appreciate his brother's failure and the pain of falling into a
sinful life because, in his mind, he had never failed. This pride
kept him from experiencing God's real grace. This is how legalism
develops in believers. It grows into a cold heart and an
insensitive attitude toward others who may have stumbled in their
lives. This same brother did not truly understand the love of his
father apart from works; for he felt he gained acceptance only by
doing his job.
Do you feel accepted by God, regardless of what you do? Have you
wrongfully viewed your works as something you alone have
achieved? These are the minefields of which each of us in
business must be aware. God has gifted us to accomplish anything
through His grace, not by our works.

Wednesday, August 3, 2011


"The sun rose above him as he passed Peniel, and he was limping because
of his hip." - Genesis 32:31

Jacob was a man who was a controller. He connived and manipulated his
way to get what he wanted. It was a generational stronghold passed down
through his mother, who encouraged her son to play a trick on his
father, Isaac, by pretending to be Esau. This trick led Isaac to give
the family blessing to Jacob, which meant Jacob would eventually inherit
the land God had promised to Abraham's seed. Jacob also learned control
from his uncle Laban who caused Jacob to work for 14 years to take
Rachel as his lifelong mate. One must ask which was more ugly in God's
sight, the self-centered nature and worldliness of Esau, or the control
and manipulation of Jacob?
Control is a problem for men and women. Many women use sex to control
their husbands. Many men use power and force to control their wives.
Control is at the core of that which is opposite the cross-self-rule.
What delivers us from this fleshly nature of control? A crisis. Jacob's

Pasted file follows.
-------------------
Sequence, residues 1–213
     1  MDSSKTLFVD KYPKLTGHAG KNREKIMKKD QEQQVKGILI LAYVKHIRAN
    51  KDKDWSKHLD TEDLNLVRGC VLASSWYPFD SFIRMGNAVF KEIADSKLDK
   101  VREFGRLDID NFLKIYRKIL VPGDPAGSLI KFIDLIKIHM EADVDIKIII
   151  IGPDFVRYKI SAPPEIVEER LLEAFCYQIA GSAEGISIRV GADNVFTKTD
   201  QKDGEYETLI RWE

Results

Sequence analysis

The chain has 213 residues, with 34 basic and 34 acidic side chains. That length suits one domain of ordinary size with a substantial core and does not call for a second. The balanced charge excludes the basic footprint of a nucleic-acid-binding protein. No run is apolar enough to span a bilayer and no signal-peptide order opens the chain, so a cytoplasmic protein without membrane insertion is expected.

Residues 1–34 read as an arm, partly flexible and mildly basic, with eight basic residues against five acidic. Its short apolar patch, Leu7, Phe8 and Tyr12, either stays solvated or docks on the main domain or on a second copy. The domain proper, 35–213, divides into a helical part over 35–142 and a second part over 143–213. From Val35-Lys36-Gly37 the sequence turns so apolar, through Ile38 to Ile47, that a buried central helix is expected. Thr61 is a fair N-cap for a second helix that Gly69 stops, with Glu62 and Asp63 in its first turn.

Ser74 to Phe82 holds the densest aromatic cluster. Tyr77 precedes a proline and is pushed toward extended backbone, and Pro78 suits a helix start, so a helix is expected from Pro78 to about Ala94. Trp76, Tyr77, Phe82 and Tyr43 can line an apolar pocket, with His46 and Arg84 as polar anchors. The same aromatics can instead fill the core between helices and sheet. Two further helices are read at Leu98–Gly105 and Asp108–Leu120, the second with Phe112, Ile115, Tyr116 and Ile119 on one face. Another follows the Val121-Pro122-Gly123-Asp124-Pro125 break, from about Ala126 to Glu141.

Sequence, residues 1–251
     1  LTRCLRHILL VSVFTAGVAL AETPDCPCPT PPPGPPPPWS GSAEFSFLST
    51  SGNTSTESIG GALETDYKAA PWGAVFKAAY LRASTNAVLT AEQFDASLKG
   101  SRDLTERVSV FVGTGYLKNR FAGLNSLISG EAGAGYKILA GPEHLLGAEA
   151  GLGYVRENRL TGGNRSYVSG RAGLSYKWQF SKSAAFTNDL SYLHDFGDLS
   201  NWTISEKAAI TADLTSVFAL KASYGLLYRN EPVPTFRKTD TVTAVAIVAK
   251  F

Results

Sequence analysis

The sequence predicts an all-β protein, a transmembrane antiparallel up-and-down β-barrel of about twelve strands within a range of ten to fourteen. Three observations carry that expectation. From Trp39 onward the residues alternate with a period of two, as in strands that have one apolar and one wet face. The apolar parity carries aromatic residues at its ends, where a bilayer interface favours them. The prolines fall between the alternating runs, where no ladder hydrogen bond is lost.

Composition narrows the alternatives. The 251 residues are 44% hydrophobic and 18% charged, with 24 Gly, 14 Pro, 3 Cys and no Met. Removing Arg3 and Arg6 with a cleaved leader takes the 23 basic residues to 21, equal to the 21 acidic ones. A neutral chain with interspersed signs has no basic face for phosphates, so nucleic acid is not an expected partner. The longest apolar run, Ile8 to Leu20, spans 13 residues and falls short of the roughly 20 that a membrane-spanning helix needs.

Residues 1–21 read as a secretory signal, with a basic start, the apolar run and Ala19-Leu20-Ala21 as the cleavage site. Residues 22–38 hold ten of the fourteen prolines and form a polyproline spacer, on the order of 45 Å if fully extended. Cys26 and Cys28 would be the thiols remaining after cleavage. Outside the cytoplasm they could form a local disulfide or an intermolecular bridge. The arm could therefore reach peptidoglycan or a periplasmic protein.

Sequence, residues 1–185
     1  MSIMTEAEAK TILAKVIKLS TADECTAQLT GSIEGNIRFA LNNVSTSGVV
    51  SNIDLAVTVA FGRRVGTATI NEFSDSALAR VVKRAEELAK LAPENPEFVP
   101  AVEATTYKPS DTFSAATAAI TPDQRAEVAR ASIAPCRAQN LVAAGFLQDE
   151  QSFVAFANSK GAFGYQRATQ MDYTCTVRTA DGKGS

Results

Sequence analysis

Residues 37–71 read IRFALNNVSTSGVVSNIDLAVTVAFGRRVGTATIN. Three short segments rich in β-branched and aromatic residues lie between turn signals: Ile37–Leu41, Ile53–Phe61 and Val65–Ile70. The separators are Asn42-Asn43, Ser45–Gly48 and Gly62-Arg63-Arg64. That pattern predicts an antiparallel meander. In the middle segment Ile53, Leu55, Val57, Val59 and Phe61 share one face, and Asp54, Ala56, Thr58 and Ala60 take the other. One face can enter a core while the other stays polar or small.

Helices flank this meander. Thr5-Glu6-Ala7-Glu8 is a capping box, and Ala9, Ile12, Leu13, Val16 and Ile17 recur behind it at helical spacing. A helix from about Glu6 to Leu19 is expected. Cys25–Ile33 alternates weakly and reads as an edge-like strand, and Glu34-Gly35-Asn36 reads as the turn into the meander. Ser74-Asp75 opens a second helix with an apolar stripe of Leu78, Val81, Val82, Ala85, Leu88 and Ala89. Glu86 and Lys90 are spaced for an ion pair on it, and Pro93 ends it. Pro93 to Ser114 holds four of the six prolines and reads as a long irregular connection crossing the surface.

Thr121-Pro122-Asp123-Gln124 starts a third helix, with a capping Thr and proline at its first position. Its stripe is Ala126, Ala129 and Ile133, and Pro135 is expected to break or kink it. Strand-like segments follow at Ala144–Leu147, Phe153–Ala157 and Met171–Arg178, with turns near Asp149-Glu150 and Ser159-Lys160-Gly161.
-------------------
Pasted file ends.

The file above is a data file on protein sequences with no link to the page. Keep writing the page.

crisis came when he was faced with the prospect of meeting a brother who
said he would kill him the next time he saw him. Esau had built his own
clan and was about to meet Jacob and his clan in the middle of the
desert. Jacob was fearful, so he retreated. There he met a messenger
from God who wrestled with him. Jacob clung to God and refused to let go
of this angel. It is the place where Jacob was given a painful but
necessary spiritual heart transplant. From that point on, Jacob would
walk with a limp, because God had to dislocate his hip in order to
overcome Jacob's strong will.
For workplace believers, God often has to "dislocate our hip" through
failure and disappointment. Sometimes it is the only way He can get our
attention. Our nature to control and manipulate is so strong that it
takes a catastrophic event to wake us up. Yet God did not reject Jacob
for these character traits. In fact, God blessed him greatly because He
saw something in Jacob that pleased Him. He saw a humble and contrite
heart beneath the cold and manipulative exterior of Jacob's life, and it
was that trait that God needed to develop. He did this by bringing about
the crisis in Jacob's life that led to total consecration. This event
was marked by Jacob getting a new name, Israel. For the first time,
Jacob had a nature change, not just a habit change. What will God have
to do in our lives to gain our complete consecration to His will and